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  • Recommendations for De-Icing / Anti-Icing of Aircraft on the Ground 21st Edition September 2006

  • RECOMMENDATIONS FOR DE-ICING/ANTI-ICING OF AIRCRAFT ON THE GROUND EDITION 21, September 2006 Available at www.aea.be Page 3 of 39

    AEA RECOMMENDATIONS FOR DE-ICING/ANTI-ICING OF AIRCRAFT ON THE GROUND

    TABLE OF CONTENTS 1. Introduction 4 2. References 5

    2.1 SAE documents 5 2.2 ISO documents 5 2.3 AEA documents 5

    3. Aircraft de-icing/anti-icing methods with fluids 5 3.1 Scope 5 3.2 References 6 3.3 Definitions 6 3.4. Abbreviations 8 3.5. General 8 3.6. Staff training and qualification 8 3.7. Fluid handling 9 3.8. Contamination Check 10 3.9. Procedures 10 3.10 General aircraft requirements after de-icing/anti-icing 16 3.11 Post de-icing/anti-icing check 16 3.12 Pre-takeoff Check 17 3.13 Pre-takeoff Contamination Check 17 3.14 Communication Procedures 17 3.15 Holdover time 18

    4. Aircraft de-icing methods with infrared technology 25 5. Aircraft de-icing methods with forced air technology 25 6. Quality Assurance Programme 25

    6.1. Station quality assurance programme for aircraft de-icing/anti-icing operations. 25 6.2. Fluid Sampling Procedure for Type II, Type III, or Type IV Fluids 34 6.3 Checking Procedure for Aircraft De-icing/Anti-icing Fluids 34

    7. Local Frost Prevention in Cold Soaked Wing Areas 37 7.1. Introduction 37 7.2. Definitions 37 7.3. Procedure 37 7.4. Limits and Precautions 38 7.5. Final check 38 7.6. Flight Crew Information 38

    8. Off-gate de-icing/anti-icing procedures 38 8.1. Communications 38 8.2. Taxi guidance 38 8.3. General instructions 38 8.4. Responsibilities 39 8.5. Terminology 39

    9. Standardised training 39

  • RECOMMENDATIONS FOR DE-ICING/ANTI-ICING OF AIRCRAFT ON THE GROUND EDITION 21, September 2006 Available at www.aea.be Page 4 of 39

    1. Introduction This edition 21 completely replaces all previous editions. The AEA recommendations for de-icing/anti-icing of aircraft on the ground have been established by the AEA De-icing/Anti-icing Working Group. See also www.aea.be for Frequently Asked Questions and for the document "Training Recommendations and Background Information for De-Icing /Anti-Icing of Aircraft on the Ground". Besides some smaller and editorial changes, the main changes in this years update are: added definition of lowest operational use temperature (LOUT) for fluids, term is now used in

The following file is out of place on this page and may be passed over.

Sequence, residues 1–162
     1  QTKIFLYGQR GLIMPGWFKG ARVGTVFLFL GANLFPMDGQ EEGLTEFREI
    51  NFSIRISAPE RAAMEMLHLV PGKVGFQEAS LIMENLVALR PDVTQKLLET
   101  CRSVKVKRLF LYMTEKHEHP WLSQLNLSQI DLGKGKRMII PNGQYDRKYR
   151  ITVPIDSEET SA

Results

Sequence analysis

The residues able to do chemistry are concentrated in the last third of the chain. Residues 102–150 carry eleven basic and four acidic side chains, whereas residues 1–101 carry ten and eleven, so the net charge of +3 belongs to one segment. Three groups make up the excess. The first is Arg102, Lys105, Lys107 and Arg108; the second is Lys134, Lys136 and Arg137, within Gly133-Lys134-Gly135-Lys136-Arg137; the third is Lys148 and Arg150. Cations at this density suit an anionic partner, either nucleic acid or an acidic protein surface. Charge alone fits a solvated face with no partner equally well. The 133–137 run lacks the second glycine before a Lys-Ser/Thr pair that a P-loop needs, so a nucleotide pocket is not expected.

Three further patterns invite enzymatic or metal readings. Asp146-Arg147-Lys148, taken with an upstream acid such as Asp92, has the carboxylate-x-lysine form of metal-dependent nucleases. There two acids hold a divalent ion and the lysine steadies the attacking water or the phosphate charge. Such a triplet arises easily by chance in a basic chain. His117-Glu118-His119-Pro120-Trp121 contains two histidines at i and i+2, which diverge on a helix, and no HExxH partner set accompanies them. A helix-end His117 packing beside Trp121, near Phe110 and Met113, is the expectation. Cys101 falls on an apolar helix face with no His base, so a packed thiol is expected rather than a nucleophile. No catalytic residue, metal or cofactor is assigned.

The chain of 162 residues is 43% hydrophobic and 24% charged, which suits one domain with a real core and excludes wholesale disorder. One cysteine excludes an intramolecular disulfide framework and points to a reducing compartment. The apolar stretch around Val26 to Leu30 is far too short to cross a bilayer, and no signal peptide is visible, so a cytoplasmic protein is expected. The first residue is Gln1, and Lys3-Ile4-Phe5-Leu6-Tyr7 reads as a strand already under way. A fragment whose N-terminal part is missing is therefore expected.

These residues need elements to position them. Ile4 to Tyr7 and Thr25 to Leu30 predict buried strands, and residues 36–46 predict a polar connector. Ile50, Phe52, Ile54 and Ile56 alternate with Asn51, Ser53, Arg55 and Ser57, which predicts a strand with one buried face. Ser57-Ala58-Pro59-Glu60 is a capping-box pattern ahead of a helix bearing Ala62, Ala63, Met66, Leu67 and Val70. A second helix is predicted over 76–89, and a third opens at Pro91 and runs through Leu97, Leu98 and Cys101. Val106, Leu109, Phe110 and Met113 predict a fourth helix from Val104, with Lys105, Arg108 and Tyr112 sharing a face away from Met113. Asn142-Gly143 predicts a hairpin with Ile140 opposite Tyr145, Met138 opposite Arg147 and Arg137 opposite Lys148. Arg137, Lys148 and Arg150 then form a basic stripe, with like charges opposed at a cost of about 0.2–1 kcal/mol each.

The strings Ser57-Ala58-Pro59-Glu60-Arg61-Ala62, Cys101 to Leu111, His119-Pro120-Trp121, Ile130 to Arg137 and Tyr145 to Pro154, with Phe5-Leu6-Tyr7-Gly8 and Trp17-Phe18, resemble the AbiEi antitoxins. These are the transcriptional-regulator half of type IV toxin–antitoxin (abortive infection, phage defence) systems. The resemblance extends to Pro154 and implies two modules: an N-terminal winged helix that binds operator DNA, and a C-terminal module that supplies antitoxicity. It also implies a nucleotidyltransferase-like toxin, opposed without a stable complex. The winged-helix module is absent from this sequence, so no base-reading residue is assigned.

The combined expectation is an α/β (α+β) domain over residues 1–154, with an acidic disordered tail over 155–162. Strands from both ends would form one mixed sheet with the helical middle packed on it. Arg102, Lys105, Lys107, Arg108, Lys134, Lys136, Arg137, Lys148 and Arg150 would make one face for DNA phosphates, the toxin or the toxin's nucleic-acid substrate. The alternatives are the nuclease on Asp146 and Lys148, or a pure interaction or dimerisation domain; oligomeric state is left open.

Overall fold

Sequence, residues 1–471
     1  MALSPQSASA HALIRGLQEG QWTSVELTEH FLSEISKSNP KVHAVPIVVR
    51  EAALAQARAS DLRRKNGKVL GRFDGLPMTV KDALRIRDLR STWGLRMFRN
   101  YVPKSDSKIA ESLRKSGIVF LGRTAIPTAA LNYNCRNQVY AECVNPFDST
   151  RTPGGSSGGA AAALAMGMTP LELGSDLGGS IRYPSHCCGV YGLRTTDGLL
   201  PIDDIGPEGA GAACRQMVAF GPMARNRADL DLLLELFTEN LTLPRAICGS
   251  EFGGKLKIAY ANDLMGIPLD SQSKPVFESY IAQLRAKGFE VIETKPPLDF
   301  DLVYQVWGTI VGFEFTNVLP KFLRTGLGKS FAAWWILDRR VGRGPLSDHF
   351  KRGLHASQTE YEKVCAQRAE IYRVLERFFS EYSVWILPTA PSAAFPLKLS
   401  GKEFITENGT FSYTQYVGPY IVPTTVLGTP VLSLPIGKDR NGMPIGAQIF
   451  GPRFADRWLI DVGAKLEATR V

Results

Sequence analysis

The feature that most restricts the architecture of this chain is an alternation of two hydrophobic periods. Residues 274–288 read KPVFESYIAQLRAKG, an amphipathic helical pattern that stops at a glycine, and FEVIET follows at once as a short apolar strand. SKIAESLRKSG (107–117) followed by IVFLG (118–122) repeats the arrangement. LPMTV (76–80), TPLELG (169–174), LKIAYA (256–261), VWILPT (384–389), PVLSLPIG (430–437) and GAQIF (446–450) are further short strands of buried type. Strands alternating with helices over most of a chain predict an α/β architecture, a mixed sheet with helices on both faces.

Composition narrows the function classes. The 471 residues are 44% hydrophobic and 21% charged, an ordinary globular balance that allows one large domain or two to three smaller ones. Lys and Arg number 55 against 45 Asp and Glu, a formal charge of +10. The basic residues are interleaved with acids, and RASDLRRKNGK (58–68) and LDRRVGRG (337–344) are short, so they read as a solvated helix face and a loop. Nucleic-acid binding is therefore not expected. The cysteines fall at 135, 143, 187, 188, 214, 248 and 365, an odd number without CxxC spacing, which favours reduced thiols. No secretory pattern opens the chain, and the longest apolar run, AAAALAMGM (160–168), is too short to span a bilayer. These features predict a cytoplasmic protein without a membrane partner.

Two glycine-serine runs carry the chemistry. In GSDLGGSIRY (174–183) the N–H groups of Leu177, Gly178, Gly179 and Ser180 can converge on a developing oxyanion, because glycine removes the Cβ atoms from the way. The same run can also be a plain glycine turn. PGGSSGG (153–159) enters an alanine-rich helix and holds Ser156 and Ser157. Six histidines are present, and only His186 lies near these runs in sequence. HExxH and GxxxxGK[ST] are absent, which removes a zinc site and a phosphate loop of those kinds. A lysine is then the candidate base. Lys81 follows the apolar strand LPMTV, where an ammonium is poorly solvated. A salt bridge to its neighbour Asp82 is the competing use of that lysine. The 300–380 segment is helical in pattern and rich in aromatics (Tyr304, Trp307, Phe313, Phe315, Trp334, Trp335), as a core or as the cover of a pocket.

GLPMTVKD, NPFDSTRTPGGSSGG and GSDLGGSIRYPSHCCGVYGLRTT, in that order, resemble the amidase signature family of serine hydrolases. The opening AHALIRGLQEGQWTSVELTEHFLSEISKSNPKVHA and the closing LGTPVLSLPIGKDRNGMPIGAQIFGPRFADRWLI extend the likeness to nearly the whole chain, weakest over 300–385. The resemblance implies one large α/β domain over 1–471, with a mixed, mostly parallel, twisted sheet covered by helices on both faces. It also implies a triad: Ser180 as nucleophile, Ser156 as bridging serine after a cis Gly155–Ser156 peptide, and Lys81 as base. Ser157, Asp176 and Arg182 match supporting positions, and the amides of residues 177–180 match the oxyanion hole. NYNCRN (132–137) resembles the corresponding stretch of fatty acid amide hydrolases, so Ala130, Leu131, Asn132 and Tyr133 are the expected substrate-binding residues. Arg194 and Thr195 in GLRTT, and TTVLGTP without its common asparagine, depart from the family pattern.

fluid application guidelines (para. 3.3.18, 3.9.3.1.1.1, 3.9.3.1.1.2, and tables); added procedure for local wing frost removal (para. 3.9.1.3.2); distinguished between requirements for de-icing treatments (symmetrical, same treatment on

    left-hand and right-hand side of aircraft), and anti-icing (entire wing, entire horizontal stabiliser/elevator on both sides of aircraft); (para. 3.9.3.3.4)

    clarified that on wings, horizontal stabiliser, and elevators, spraying is to be done from leading edge to trailing edge, starting at the highest point of the surfaces towards the lowest parts (para. 3.9.1.6.1 and 3.9.2.4);

    added caution note that preventive anti-icing with thickened fluid has potential to build up residues, and appropriate inspection / cleaning program shall be established (para. 3.9.2.2.1 and 3.9.2.2.2);

    added caution note that application of thickened fluid, especially when used in a one-step process, may cause residues and in certain weather conditions impeded flight controls and that these residues may require removal (para. 3.9.3.3.1 and 3.9.3.3.2);

    added note that when thickened fluid is used in a one-step process or in the first step of a two-step process, an appropriate inspection / cleaning program shall be established, and whenever suitable de-icing and anti-icing to be done with only type I fluid (para. 3.9.3.3.1 and 3.9.3.3.2)

    added note that for removal of contamination on the lower side of the wings and the horizontal stabiliser and elevator, fluid shall be applied sparingly and whenever possible only type I should be used (para. 3.9.3.3.1);

    added note that lower side of wings and/or horizontal stabiliser and elevator is normally not foreseen but if de-icing is necessary, freezing point of fluid must be low enough to prevent refreezing (para. 3.9.3.3.2);

    added APU to areas where all reasonable precautions shall be taken to prevent fluid entry (para. 3.9.3.3.9);

    clarified clear ice precautions (para. 3.9.3.4.2); added note that frost or any other contamination is not acceptable on lower side of the

    horizontal stabiliser and elevator unless specified otherwise by aircraft manufacturer (para. 3.10.1.1);

    added clarification to the post de-icing/anti-icing check that if the check is not done by the flight crew itself, the commander must ensure that he has received a confirmation of the check before take off (para. 3.11);